Obama, after meeting Gore: “This is a matter of urgency and national security”

E&E News PM reports on the meeting between PEBO, VPEJB, and the Nobel-Prize-winning VP:

“All three of us are in agreement that the time for delay is over,” Obama said. “The time for denial is over.”

He added, “We all believe what the scientists have been telling us for years now, that this is a matter of urgency and national security, and it has to be dealt with in a serious way. That is what I intend my administration to do.”

Obama has called for a cap-and-trade program that would cut U.S. greenhouse gas emissions to 1990 levels by 2020 and 80 percent below 1990 levels by 2050.

I will post shortly a detailed analysis on why that 1990 target is no longer adequate. More on the meeting:

Obama and Democratic leaders are crafting a massive economic stimulus package that is expected to include energy efficiency and perhaps other energy provisions. And more broadly, they have tied their economic message to the idea that bolstering low-carbon energy sources and efficiency is a way to create scores of jobs.

“We have the opportunity now to create jobs all across this country in all 50 states to repower America, to redesign how we use energy and think about how we are increasing efficiency to make our economy stronger, make us more safe, reduce our dependence on foreign oil and make us competitive for decades to come even as we save the planet,” Obama said.

He pledged that his White House would work with “a whole host of stakeholders” on the issue, including Gore, members of both parties, business leaders, consumers and others. His approach, he said, would be “aggressive.”

“So I am grateful to Vice President Gore that he has shared the information that he has with us,” Obama said. “And I am looking forward to a busy next couple of years getting our arms around this issue.”

News of the meeting had prompted renewed speculation that Gore, arguably the world’s most prominent advocate of aggressively combating global warming, might join the Obama administration in some capacity to address energy and climate issues. But Gore has said repeatedly that he is not planning to re-enter government, a view his spokeswoman reiterated this week.

Obama is expected to announce his nominees for environmental and energy positions soon.

Michigan Gov. Jennifer Granholm (D) is visiting Washington, D.C., tomorrow to discuss energy policy with Obama’s transition team. She will also meet with members of the state’s congressional delegation about aid to struggling automakers and the upcoming economic stimulus package, a spokeswoman said.

Granholm has been frequently mentioned as a possible choice for Energy secretary. Granholm spokeswoman Liz Boyd said that “the focus of the governor’s visit tomorrow is a policy visit.”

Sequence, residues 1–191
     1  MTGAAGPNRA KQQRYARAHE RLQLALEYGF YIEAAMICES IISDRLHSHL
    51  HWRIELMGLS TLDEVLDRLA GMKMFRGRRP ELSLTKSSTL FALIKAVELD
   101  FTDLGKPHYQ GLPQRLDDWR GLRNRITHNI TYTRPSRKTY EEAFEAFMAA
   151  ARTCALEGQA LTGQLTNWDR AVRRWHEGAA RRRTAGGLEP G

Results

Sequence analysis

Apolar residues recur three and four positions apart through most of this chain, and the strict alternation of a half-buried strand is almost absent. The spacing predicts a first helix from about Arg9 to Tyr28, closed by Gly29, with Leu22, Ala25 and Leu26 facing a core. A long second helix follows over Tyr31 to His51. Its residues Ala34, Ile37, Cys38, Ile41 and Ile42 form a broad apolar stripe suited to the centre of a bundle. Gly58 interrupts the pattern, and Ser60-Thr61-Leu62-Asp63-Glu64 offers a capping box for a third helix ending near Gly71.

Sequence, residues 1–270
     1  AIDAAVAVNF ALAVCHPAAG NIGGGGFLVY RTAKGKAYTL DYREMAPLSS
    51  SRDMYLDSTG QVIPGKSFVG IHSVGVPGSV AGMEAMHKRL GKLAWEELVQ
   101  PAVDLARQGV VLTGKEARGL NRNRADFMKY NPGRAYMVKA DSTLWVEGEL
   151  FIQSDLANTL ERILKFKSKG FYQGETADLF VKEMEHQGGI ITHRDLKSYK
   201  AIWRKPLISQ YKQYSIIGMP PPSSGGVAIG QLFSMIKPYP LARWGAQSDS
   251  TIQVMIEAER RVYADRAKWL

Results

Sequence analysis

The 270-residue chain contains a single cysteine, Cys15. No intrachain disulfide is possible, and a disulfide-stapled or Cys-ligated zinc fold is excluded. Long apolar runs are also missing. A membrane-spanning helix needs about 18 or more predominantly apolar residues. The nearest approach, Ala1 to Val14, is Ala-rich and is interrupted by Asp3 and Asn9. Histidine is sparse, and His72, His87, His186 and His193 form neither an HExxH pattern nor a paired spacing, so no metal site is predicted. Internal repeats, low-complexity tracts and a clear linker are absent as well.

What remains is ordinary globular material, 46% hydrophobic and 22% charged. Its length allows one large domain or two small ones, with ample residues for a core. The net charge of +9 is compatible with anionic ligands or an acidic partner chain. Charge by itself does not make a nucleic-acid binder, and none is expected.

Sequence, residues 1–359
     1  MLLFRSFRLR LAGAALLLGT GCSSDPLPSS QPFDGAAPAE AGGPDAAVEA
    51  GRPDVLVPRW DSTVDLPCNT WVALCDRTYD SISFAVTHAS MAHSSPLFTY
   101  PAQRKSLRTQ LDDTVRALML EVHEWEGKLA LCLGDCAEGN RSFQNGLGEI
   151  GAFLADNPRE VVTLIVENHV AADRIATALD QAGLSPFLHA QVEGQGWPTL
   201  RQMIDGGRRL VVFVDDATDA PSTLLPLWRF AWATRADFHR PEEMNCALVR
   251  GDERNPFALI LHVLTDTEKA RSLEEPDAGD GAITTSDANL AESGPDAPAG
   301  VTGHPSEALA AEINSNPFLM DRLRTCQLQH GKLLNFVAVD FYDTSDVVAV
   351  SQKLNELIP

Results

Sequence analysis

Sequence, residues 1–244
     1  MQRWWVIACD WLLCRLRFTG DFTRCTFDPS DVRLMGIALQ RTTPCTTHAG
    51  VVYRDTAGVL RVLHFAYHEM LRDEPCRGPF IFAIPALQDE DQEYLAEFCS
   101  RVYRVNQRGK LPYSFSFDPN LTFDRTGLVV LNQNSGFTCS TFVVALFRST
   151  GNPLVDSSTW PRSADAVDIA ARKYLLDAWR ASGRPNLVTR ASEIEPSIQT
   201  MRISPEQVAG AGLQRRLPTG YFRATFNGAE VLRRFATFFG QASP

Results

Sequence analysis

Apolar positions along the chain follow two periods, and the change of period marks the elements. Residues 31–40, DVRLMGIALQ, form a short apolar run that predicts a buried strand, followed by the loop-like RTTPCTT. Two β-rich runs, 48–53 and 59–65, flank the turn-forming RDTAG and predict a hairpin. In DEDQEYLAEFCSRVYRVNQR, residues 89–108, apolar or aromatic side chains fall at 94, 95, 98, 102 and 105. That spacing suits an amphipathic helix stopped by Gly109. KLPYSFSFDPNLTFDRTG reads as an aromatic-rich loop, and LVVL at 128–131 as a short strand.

“The governor has been asked repeatedly about a possible appointment in an Obama administration, and the governor has said repeatedly she is looking forward to serving as governor with a partner in the White House,” Boyd said.

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13 Responses to Obama, after meeting Gore: “This is a matter of urgency and national security”

  1. paulm says:

    I am really frustrated. I am about to change cars. I want to do my part and switch to a electric vehicle yet the option is not readily available.

    Commercial E-Cars like the ZENN aren’t legal here in BC, even though they are made in Canada (sell in the US)!

    I would also upgrade to solar electricity right now if I could sell back to the grid and there were incentives, but this does not fly either.

    These are two straightforward programs that would convert the landscape overnight as I am sure there is a ground swell of others like me. What the hell is holding these up?

  2. jorleh says:

    Perhaps Obama is the man who understands the potential energy of Greenland and Antarctic ice masses to make energy and water for whole the world for thousands of years.

    Climate catastrophe is coming only because of human stupidity. The solution is easy and clear.

  3. Rick says:

    paulm – whats holding things up? lawyers and regulations and general inertia I would say. Now Gore and Obama want to tackle that and move things forward. well okay – but as Paul has noted in BC, the frustrating rust and inertia of the big machines of government, industry and the whole system in general won’t easily melt away.

    It’s going to be interesting to watch this unfold.

  4. Paul K says:

    I sympathize with paulm’s frustration. My state, Illinois, has mandatory buy back. It can and should be pressed politically any place where it is not now the law.